Vanderbilt University rocketry team launches rocket

Members of Vanderbilt University’s student rocketry team spoke about the future of deep space exploration after successfully launching their rocket.

“I think that’s one of the most important aspects to space exploration,” said Auburn’s Adanur. “We have to go space because it’s a mechanism – it’s a crucible – that will change us as a society and give us new technologies. I think it has more of a ripple effect than most people think.”

Chris Lorenz of the University of Illinois at Urbana-Champaign said he sees the value of NASA’s proving ground missions to build up for human Mars landings. “I’m a big fan of what NASA does in robotic exploration. It’s smart to go unmanned and build up infrastructure first before attempting manned missions,” he said.

Vanderbilt’s Mitch Masia said that while proving ground missions are necessary, deep space exploration really gets people going. “The space station is awesome and a huge feat and deep space missions will get people even more excited.” Case in point: Worldwide amazement and wonder at the photos of Pluto NASA’s New Horizons spacecraft has been sending back to Earth.

Sylvania Northview High School rocketry team at NASA’s Student Launch competition

Members of Sylvania Northview High School’s rocketry team explain their project to other students during the Rocket Fair at NASA’s Marshall Space Flight Center the day before launch.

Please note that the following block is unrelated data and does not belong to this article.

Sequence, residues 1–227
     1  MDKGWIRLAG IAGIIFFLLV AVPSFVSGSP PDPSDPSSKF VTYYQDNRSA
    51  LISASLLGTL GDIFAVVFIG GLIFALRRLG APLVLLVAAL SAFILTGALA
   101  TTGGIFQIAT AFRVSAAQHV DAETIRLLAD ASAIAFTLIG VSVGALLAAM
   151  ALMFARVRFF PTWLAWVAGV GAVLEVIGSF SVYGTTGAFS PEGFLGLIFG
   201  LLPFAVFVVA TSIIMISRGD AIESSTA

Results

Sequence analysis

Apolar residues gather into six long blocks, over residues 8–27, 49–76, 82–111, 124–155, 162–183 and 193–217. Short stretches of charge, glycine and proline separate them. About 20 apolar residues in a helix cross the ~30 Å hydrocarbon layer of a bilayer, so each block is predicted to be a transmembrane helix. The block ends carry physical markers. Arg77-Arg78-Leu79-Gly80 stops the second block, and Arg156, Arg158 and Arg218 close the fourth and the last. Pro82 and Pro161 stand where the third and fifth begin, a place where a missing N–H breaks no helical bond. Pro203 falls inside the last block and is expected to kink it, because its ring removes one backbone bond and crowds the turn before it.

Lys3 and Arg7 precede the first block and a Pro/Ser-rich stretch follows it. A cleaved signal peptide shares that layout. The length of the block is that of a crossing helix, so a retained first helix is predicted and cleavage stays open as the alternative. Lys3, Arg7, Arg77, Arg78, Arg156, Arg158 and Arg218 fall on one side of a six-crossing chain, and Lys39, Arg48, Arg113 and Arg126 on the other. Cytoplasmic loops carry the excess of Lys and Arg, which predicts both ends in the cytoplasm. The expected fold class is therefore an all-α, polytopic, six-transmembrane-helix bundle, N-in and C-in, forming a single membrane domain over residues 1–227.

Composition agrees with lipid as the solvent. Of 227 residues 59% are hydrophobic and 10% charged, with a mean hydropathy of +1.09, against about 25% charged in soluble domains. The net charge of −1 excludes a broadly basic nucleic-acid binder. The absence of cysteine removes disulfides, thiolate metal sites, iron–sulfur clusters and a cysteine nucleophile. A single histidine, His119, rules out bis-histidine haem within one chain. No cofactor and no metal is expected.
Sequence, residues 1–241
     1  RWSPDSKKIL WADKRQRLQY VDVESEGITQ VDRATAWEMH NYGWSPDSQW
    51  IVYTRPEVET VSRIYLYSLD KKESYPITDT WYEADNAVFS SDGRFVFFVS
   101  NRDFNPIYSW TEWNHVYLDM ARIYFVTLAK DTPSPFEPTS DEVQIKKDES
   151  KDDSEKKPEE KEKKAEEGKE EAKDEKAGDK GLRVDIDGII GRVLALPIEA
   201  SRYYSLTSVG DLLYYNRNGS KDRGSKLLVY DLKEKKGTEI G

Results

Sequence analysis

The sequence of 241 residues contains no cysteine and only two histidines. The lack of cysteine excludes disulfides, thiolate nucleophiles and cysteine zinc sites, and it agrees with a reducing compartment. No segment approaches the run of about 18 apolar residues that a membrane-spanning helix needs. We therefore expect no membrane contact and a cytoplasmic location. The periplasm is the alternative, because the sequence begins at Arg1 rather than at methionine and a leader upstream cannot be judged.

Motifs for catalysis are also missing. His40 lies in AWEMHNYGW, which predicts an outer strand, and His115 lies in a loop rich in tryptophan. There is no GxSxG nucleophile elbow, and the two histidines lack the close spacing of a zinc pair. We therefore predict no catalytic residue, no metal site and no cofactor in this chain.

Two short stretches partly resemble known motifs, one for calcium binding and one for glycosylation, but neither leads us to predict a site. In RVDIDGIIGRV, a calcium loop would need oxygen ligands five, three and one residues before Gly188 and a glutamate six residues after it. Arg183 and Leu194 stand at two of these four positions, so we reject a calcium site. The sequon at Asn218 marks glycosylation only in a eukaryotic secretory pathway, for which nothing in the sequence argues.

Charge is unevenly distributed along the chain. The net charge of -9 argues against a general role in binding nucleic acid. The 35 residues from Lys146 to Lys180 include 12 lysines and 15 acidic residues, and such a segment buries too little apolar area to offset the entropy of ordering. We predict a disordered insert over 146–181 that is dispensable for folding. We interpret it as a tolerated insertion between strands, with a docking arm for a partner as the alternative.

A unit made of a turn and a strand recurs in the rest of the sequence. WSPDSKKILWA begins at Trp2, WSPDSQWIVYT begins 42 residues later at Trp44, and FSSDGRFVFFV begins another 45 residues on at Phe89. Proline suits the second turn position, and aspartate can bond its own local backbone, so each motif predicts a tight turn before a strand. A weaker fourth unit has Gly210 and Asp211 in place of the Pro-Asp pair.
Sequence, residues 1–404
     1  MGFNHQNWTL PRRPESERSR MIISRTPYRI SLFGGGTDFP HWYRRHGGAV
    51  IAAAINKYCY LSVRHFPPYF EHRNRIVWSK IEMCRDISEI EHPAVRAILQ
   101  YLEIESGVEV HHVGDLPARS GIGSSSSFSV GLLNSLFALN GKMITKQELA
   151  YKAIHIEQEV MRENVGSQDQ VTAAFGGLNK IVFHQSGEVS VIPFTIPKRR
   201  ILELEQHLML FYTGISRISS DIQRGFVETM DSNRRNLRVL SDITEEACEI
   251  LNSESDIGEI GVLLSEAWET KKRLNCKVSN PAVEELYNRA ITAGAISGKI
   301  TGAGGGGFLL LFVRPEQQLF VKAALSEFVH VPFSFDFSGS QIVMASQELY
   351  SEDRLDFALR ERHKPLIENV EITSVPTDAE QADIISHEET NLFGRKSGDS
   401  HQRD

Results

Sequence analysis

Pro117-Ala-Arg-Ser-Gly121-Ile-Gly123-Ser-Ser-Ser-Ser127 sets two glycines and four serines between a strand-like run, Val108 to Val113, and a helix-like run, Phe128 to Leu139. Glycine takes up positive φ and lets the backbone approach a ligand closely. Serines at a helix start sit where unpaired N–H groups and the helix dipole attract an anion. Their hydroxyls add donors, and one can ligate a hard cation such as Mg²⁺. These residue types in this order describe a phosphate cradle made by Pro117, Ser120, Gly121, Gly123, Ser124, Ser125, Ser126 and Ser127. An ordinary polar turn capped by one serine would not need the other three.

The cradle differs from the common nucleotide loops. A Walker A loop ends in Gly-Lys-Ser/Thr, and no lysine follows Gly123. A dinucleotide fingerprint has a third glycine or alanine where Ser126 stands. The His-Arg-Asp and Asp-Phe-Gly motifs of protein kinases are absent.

Participants at the Student Launch emphasized that their generation wants its chance to make history. They want their Mars shot. “I think SLS will bring our generation together,” said Michael D’Onofrio, a 17-year-old senior at Sylvania Northview High School in Sylvania, Ohio. “Something that’s greater than where we are – going beyond Earth – will bring us together.”

Vanderbilt’s Riley said, “I’m excited about SLS in a very patriotic way. SLS and going to Mars is that big goal that we can all get behind and be excited about as an American people.”


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#YearInSpace: Mars, Miles, Months, Mass and Momentum

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During his yearlong mission aboard the International Space Station, Scott Kelly traveled over 143 million miles in orbit around Earth.

On average, Mars is 140 million miles away from our planet.

Coincidence? Well, basically.

Scott Kelly with plant-growth experiment